Snap Inc.'s founders spend big on outside talent, but aren’t keen to share voting rights
In late 2014, the company then known as Snapchat hired a star banker away from Credit Suisse to be its chief strategy officer. Imran Khan had deep connections in the technology industry, links that helped Snapchat score a $200-million investment from Chinese Internet giant Alibaba months after he was hired.
Luring and retaining executive talent like Khan does not come cheap for the Venice social media company, whose two young founders, Evan Spiegel and Bobby Murphy, are big on paying their executives handsomely but reluctant to share voting rights.
Khan’s compensation last year, including salary and bonus, amounted to $5.5 million, according to Snap Inc.’s filing Thursday announcing its intention to trade shares on public markets. On top of that, Khan received over 7 million restricted shares valued at $145.3 million — a hefty reward, but one that comes with barely any voting rights.
“They had to pay a ton to keep him there,” said Josh Stomel, founder of Neohire South, a tech employment agency. “Snap needed smart, senior executives in order to scale. So they gave substantial money that these people wouldn’t find anywhere else.”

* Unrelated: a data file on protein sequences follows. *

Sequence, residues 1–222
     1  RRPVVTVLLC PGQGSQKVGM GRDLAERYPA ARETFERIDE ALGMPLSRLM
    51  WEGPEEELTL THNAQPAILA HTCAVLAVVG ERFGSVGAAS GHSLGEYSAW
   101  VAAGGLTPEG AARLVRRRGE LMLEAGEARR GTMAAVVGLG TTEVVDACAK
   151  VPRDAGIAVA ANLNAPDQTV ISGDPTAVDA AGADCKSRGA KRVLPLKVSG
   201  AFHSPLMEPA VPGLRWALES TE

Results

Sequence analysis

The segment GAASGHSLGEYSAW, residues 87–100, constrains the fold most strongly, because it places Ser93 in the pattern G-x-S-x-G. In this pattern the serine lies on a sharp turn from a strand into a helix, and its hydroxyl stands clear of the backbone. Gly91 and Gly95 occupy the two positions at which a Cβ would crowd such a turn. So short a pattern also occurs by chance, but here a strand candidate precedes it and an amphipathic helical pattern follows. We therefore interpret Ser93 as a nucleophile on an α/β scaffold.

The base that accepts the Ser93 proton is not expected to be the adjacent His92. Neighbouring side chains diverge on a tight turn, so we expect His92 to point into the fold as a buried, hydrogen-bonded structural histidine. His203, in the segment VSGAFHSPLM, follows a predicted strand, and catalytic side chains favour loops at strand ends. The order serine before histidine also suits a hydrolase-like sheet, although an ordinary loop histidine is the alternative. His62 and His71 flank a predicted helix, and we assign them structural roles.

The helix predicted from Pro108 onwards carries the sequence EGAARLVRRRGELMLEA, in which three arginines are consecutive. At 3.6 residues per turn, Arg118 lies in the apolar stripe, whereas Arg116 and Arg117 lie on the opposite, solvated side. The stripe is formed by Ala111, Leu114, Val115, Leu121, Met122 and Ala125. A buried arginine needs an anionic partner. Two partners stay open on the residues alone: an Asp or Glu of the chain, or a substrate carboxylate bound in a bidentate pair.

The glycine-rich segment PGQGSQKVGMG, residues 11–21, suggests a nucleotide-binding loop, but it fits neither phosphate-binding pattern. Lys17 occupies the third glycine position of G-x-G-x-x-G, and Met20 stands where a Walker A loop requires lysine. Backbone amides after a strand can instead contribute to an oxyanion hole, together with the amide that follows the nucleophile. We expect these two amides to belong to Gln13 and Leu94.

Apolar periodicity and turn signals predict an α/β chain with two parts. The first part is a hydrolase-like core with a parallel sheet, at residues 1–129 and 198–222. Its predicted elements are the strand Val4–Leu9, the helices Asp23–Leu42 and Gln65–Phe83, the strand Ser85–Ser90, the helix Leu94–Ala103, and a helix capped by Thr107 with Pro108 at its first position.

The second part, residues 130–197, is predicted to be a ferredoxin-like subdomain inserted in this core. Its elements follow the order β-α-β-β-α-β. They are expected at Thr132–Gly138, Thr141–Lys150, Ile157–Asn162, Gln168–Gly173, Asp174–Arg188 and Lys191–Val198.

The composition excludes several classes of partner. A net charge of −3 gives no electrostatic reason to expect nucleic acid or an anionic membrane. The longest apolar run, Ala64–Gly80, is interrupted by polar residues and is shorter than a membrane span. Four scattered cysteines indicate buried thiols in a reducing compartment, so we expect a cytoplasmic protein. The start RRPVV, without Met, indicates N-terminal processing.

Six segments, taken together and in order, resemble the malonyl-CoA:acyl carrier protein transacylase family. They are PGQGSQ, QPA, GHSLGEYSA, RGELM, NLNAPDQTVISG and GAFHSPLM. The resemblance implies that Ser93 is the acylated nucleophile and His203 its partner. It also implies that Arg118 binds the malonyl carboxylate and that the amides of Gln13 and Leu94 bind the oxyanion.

The dual strategies gleaned from Snap’s S-1 filing suggest Spiegel and Murphy place a high value on hiring experienced executives but intend to retain complete control over their firm’s direction.
Stomel said Snap’s executive salaries were about double what other tech companies are paying in both the Los Angeles market and the Bay Area.
Companies used to be able to pay 20% to 30% less in L.A. compared with Silicon Valley because the cost of living was moderately lower. But Stomel said that started changing over a year ago as the tech scene and investment capital in Southern California grew more robust — upping demand for engineers and executives alike.
“Companies are paying salaries comparable to the Bay Area now,” Stomel said.
Andrew Vollero, Snap’s chief financial officer and a former Mattel executive, earned a base salary of $300,000 in 2016. And Chris Handman, Snap’s head attorney, earned $475,000 in base salary.
For comparison, Facebook’s 2012 initial public offering filing shows Chief Operating Officer Sheryl Sandberg and then-Chief Financial Officer David Ebersman earning $295,833 in base salary.
Spiegel, 26, made about $1.5 million in salary and bonus last year. Murphy, 28, took in about $250,000.
Once Snap completes its IPO, Spiegel’s annual salary will drop to $1 — a move that puts him in the same league as other dollar salary honchos such as Facebook Chief Executive Mark Zuckerberg, Google co-founders Sergey Brin and Larry Page and President Trump.
Spiegel won’t need the paycheck since he and Murphy each own about 22% of Snap’s Class A common stock. If the IPO values Snap at $25 billion, as sources familiar with the company expect, the pair stand to gain over $5 billion each.